- February 17, 2020
- Posted in LOCAL
Machete gangs have wreaked havoc in the small scale mining industry and in rare reported cases have small-scale miners succeeded in foiling machete gang’s attacks.
Ongoing blitz from the Police has had machete gang leaders going underground in fear of the long arm of the law making the industry much much safer. A Kadoma menace machete gang known as Ziga went viral early this year with the gang showing off their small loot armed to the teeth with machetes, swords, and knives on video. The video got over 13 000 views on the Mining Zimbabwe YouTube channel. The fearsome video attracted attention from the Police, saw the gang leader getting arrested in Rushinga 385km away a few hours after it surfaced.
Small-scale miners definitely need to boost their security in order to minimise the risk of getting easily robbed by the so-called Machete gangs or Mashurugwi as they are popularly known countrywide. The gold they steal is believed to be smuggled into South Africa where the precious commodity fetches a higher price and is paid in a more preferred currency to our local dollar.
Below are some of the methods to safeguard your mining claims.
1 Your production should be your secret
Retired Chief Inspector Elia Sungiso said that “Machete gangs” are not prophets. They are fed with information from within for them to strike. Their modus operandi is they get tipped on mining claims performing well and they ask for names for easy access to the target site. Suspects in such cases are disgruntled workers working at target mines who will, in turn, be given a “cut” (share of the loot). It is highly advisable that mine owners vet their workers and pay decent rates. They should also inform workers on the dangers and risks of discussing mine performance outside work zone.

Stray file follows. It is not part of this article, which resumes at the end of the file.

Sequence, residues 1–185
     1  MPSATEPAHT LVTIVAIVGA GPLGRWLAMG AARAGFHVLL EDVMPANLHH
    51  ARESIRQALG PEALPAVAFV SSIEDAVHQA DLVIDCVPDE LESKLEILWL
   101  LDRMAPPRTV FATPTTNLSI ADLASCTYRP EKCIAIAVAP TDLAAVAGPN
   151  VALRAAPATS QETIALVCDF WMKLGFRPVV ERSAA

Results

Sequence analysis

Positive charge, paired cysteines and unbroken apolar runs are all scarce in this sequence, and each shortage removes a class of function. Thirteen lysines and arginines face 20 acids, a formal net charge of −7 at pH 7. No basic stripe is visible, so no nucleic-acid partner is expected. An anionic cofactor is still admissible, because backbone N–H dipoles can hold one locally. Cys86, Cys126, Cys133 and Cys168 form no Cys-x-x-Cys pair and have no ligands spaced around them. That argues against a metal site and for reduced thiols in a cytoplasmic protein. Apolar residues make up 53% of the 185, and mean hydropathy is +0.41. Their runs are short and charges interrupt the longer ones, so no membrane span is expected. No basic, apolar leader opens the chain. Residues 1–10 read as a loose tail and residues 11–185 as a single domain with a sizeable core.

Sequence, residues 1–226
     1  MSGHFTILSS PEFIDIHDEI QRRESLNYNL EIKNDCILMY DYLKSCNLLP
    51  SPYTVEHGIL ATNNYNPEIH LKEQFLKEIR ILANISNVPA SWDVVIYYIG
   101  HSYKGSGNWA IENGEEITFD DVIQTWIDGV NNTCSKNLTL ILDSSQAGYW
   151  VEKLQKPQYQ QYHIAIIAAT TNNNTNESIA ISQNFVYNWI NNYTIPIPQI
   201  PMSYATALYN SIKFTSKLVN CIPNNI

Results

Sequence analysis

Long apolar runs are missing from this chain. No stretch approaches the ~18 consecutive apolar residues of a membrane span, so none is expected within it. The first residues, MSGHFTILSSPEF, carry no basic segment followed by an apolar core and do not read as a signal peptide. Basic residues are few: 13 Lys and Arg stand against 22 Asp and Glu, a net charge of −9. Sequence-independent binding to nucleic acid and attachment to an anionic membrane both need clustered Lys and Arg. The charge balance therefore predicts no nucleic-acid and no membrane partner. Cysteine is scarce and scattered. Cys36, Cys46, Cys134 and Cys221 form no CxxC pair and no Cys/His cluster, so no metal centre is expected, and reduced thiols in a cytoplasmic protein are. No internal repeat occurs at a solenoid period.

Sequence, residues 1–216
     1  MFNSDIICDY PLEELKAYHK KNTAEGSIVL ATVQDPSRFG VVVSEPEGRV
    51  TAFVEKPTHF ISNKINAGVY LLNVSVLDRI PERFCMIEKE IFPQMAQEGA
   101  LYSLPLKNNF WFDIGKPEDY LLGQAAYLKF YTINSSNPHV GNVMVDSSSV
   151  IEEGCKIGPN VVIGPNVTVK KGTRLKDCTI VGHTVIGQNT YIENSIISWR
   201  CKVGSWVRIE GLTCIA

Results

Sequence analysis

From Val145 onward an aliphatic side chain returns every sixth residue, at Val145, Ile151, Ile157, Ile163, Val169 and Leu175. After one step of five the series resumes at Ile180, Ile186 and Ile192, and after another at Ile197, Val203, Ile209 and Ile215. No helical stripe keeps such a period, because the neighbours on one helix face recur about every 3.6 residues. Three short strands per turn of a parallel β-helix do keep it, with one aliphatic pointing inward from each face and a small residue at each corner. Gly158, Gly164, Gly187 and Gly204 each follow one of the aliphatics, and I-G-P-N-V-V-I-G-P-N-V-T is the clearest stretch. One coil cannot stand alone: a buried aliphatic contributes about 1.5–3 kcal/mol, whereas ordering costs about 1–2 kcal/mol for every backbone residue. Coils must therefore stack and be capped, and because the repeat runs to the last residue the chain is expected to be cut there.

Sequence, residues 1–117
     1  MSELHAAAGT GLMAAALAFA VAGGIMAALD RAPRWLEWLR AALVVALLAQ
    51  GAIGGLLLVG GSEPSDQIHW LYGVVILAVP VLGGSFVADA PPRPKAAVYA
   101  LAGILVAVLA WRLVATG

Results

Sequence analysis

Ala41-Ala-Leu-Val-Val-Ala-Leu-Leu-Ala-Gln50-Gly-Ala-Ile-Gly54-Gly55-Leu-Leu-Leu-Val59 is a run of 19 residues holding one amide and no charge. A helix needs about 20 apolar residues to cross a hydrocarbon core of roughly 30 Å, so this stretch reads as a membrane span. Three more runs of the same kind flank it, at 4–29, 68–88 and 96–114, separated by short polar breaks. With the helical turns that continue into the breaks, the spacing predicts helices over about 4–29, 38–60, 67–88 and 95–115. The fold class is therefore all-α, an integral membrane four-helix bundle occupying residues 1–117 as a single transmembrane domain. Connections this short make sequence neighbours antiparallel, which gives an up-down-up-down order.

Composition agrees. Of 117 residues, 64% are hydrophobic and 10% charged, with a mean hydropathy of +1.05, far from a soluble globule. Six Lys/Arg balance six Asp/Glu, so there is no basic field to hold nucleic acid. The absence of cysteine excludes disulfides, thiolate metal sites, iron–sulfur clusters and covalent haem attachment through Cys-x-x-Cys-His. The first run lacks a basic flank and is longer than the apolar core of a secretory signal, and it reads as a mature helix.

- Secure your claims (fencing)
Miners should make it a habit of fencing their operations and control access to their operations. It takes seconds for machete gangs to access open operations and fighting them off is usually impossible as they pounce unannounced and in large numbers. Should there be no security guards available resting mineworkers can take turns to monitor entry points.
Miners can install a cheap CCTV system to monitor their operations and entry points. In this digital age, CCTV can be monitored remotely on multiple devices. An example is before allowing access to unfamiliar faces at entry points the site manager, foreman or owner can log onto the CCTV and check if they know whoever is at the gates. If they sense trouble they can raise alarm. In case perpetrators breach perimeter fence undetected CCTV can help identify the suspects after they are gone. All this can cost under US$300.
4.Pay fair wages and treat workers well
It’s a well know secret that machete gangs get their information from within the targeted operations. The information usually comes from disgruntled workers who will get paid a commission or “cut” for snitching. Some mine owners from all races are known to ill-treat their workers with a number of It’s a well know secret that machete gangs get their information from within the targeted operations. The information usually comes from disgruntled workers who will get paid a commission or “cut” for snitching. Some mine owners from all races are known to ill-treat their workers with a number of videos online of miners physically assaulting workers. This is an excellent recipy for having workers trading inside information.